The recently concluded Boao Asian Forum on Hainan Island had all the appearance of a simple nongovernmental conference.
Modeled on the Davos Economic Forum in Switzerland, its function is evidently simple: to allow policymakers, businessmen and analysts interested in Asia to tackle and even quibble over various issues.
There is, however, more to the gathering than meet the eyes.
Coming at the heels of the Asian financial crisis three years ago, coupled with the purported neglect of the region by the United States at the height of the crisis, the forum is another attempt at regional consolidation.
It aims to bolster the region’s resilience by creating an additional avenue of private, albeit high-level, discussion.
The Boao Asian Forum constitutes the latest addition to the numerous “Track Two” conferences held in the region each year. These meetings represent a form of dialogue where individuals from the academia, business sector and even government all speak in their private capacities.
Be that as it may, the new forum is in many ways a different political animal as well. Originally proposed by former Philippine President Fidel Ramos and other Asian leaders in March 1998, it already claims a pedigree that no other Track Two entities can rival.
With Ajit Singh, the former secretary general of the ASEAN Secretariat, elected in November 2000 as its secretary pro tempore, the Boao forum has taken on an added degree of importance. It is led by a career diplomat known to have expanded the size of ASEAN.
And when one considers that it is also backed by China and 24 other countries in Asia, the forum appears set to be a major meeting place for Asian leaders and power brokers. Little wonder that the fee for corporate membership has been pegged at (US)$500,000.
The sudden manner in which it came into being should not be a surprise to anyone. This is because aside from the Asia-Pacific Economic Cooperation (APEC), there exist no institutional bodies where Asian decision-makers and business leaders can converge in one setting to collectively deal with issues of practical import.
Hence, the Boao forum is the logical manifestation of Asian self-interest. Not unlike the East Asian Economic Caucus (EAEC) and the “Asian Plus Three” meetings, it represents a step forward at consolidating Asia’s regional interest viz-a-viz the West’s.
What further distinguishes the Boao Asian Forum from the other major conferences, however, is its “inclusiveness.”
Aside from the backing of Asian leaders, it also owes its existence to the initiative of former Australian Prime Minister Bob Hawke. As Labor Party stalwart, Hawke is widely remembered as the leader who had urged Australia to be an involved part of Asia; an idea later adopted by his successor, Paul Keating, only to undergo a slight reversal when the reins of power were handed to John Howard of the Liberal Party.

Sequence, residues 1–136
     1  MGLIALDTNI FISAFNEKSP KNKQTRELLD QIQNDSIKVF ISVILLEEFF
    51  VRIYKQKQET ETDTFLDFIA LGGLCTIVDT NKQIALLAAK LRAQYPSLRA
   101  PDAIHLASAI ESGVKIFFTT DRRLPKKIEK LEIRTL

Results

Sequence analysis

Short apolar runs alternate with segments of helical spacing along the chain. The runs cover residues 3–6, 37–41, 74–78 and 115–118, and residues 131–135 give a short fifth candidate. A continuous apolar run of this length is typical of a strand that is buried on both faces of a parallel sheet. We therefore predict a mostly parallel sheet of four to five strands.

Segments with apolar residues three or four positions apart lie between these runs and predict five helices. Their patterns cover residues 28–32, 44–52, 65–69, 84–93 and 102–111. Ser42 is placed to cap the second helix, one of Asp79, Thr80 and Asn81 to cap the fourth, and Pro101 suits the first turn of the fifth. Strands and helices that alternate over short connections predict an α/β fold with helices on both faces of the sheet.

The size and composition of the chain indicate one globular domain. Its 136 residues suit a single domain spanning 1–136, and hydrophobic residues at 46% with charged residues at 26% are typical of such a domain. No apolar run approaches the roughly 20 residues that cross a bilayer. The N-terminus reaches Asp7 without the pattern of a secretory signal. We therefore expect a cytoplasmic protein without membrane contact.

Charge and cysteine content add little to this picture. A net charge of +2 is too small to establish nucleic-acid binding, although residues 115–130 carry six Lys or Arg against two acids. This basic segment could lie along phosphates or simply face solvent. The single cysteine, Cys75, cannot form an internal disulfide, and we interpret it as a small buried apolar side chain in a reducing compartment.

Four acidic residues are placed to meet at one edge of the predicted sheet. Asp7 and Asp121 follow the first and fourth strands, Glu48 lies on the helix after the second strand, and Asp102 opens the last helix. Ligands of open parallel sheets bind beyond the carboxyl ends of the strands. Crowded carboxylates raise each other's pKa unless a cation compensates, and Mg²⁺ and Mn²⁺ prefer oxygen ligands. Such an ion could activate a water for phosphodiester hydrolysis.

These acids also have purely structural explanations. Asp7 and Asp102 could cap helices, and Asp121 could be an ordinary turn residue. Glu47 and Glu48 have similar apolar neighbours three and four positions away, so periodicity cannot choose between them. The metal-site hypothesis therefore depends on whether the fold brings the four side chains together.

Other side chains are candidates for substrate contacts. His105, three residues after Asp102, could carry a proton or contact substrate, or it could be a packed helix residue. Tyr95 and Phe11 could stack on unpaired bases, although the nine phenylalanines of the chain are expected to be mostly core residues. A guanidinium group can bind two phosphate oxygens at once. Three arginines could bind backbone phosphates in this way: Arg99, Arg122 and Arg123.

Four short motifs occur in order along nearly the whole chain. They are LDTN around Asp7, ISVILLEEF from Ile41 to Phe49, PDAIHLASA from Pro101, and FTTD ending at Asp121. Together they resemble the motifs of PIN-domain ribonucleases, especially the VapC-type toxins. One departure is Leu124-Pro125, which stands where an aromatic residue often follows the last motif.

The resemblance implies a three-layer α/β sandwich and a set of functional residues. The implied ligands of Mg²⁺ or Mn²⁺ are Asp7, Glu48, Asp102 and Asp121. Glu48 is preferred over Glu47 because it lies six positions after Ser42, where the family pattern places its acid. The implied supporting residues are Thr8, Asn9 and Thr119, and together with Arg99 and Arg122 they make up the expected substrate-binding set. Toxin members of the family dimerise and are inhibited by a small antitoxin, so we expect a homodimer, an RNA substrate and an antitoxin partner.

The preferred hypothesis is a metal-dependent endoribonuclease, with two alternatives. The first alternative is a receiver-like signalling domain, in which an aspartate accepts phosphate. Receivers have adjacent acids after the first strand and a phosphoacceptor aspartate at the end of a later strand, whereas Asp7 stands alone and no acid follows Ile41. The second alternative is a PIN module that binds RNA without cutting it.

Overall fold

It was during Hawke’s tenure that APEC was formed in 1989, trailblazing the way for Australia’s more intimate involvement in the region.
While the Boao forum welcomes Australia’s engagement, its stance contrasts with the more “exclusive” pan-Asian vision of Prime Minister Mahathir Mohammad of Malaysia.
The latter’s vision of EAEC — originally introduced as East Asian Economic Group in 1991 — actually amounts to an attempt to create a region without “the Caucasians,” as some critics argued. This is attested by the exclusion of Australia, New Zealand and even the United States from the regional economic makeup.
Regardless of one’s verdict on the racist undertone of the EAEC, it is a fact that Asian countries are trying to strengthen regional cooperation in a panoply of forms — both of the “inclusive” genre, as well as the “exclusive” ones — to confront the perils of globalization.
Indeed, the singular effect of globalization is not so much an aggregate decrease in the economic livelihood of any given Asian country as the corresponding increase in the presence of bigger and better firms in the region.
The latter could wipe out domestic ones completely. The Boao Asian Forum is thus a regional, though nongovernmental, attempt to help countries deal with globalization.
Without the recourse to a regional body to stem the growing tide of globalization — a process mainly driven by the financial might of the West — it is widely believed, especially by the Chinese leadership in Beijing, that countries in the region would invariably be left more, not less, exposed to the vagaries of lower trade and tariff barriers.
What then can the forum achieve in the short and long term? Like all Track Two meetings, the Boao Asian Forum would achieve five gains.
One, allow the necessary power brokers and key personnel involved in policymaking to be acquainted with each other. The effects deriving from such networking must not be underestimated.
Two, allow new ideas to be broached, and problems affecting Asia to be quickly identified.
Three, inject a sense of camaraderie among the conferees that will enhance intergovernmental and intraindustry cohesion.
Four, create intricate networks that will be useful to both Asian leaders and high-ranking business executives in the long run. Already, the Boao Asian Forum can draw on the research resources of various think tanks in the region.
Lastly, help Asian leaders and policymakers get a grip of the diverse implications of globalization.
For what it’s worth, it’s high time that Asian leaders think and act as one — not necessarily to the exclusion of others, but to foster a dynamic identity, too.
That the Boao Asian Forum currently has the support of Australia is truly a plus. As such, the forum is an idea whose time has come.
Those interested in Asian issues are urged to keep a close watch on it when it formally holds its first conference in 2002.
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